Sunday, August 19, 2018

Major Life Transition

My freshman year in college I read an article in Seventeen Magazine that would set me on a path that I would follow until this day.  The article was about the relatively new field of speech pathology.  I thought that sounded interesting and the following year when I had to declare a major, I decided on that.  Of course, growing up in the Fifties, I didn't expect to actually have a career.  I wanted a college degree.  That was a secondary goal.  My main goal was to get married, have two children, a nice house, two cars and a dog.  Once I achieved that, I would bid speech pathology goodbye.  

But I didn't.  I worked for the Houston Independent School District for a while, then got married, had two children, etc. 
Then I got a divorce.  I returned to college, got a Master's in speech pathology and audiology and went back to work for the next fifty years.

Choosing speech pathology as a career was one of the luckiest and best choices I ever made.  I've never seen it as a "job" but as a calling.  I've been privileged to hear children's first words, hear their garbled speech become intelligible, watch them learn to read and express themselves in writing.  Along the way, I've shared families' amd children's lives and language.  It's been the perfect profession for me, but now it's time to move on, or as one of my four-year-old students said the other day, "Miss Thelma, now you'll be 'attired.'"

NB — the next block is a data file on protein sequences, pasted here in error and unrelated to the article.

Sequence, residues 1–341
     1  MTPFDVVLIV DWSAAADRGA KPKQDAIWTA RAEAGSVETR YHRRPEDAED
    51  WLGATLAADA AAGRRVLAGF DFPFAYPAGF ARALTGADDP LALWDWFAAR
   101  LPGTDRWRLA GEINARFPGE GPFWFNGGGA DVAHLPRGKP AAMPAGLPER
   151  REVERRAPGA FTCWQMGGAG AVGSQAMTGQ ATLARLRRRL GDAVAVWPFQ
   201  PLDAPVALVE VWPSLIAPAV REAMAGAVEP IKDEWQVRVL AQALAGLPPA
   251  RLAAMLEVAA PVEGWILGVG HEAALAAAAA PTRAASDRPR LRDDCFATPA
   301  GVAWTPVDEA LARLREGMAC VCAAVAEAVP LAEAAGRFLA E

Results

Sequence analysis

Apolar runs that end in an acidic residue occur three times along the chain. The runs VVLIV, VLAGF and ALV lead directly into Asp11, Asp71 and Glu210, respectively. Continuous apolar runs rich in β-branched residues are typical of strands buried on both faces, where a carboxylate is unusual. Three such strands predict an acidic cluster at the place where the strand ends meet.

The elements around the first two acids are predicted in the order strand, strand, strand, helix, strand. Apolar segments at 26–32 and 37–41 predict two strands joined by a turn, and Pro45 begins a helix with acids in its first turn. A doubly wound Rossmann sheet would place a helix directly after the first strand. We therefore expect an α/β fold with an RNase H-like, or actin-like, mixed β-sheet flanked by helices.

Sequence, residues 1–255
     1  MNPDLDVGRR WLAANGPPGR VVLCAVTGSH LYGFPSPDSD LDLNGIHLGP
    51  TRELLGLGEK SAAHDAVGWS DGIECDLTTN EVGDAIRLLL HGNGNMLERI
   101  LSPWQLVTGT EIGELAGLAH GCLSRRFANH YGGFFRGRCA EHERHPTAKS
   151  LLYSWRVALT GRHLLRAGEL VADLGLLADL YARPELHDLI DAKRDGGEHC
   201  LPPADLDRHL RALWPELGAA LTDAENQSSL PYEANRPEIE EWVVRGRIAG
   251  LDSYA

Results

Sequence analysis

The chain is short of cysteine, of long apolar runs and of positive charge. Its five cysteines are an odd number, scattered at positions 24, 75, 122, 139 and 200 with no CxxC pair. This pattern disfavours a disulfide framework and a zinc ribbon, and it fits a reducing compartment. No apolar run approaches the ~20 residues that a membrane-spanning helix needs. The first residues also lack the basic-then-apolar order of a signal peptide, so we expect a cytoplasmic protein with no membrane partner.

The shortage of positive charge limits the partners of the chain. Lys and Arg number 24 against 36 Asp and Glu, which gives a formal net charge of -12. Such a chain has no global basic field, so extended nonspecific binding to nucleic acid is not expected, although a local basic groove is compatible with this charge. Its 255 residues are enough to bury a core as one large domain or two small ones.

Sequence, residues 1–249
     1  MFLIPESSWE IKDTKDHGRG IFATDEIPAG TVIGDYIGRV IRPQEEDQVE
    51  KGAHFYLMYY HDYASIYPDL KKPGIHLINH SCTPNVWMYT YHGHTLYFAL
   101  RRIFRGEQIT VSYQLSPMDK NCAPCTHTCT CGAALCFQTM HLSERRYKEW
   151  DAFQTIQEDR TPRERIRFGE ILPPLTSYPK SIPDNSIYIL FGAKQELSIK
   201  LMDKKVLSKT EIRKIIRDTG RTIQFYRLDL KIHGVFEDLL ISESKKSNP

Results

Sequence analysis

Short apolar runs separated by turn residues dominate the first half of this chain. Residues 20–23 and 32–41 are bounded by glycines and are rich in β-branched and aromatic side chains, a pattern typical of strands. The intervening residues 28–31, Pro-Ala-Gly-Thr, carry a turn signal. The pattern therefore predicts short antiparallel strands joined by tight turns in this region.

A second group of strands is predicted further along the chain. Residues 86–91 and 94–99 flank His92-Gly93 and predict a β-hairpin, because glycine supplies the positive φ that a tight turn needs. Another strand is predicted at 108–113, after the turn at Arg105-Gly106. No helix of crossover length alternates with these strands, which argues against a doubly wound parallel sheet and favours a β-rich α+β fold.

This is a major turning point for me, but I know the time is right. The road ahead is a little scary but exciting.  I've loved going to work every day and I have so many memories to cherish.

So I'll end with words from "A Chorus Line:"
     "Kiss today goodbye
    And point me toward tomorrow.
    Wish me luck,
    The same to you.
    But I can't regret,
    Won't forget
    What I did for love.

    Love is never gone.
    As we travel on,
    It's love that we remember..."

Just before my husband died, he said, "You'll be all right.  You'll do something good."  I hope so.


Susan Kane said... [Reply to comment]

You have me in tears. A dedication to this field made such a difference in those children's lives. You are an awesome lady.


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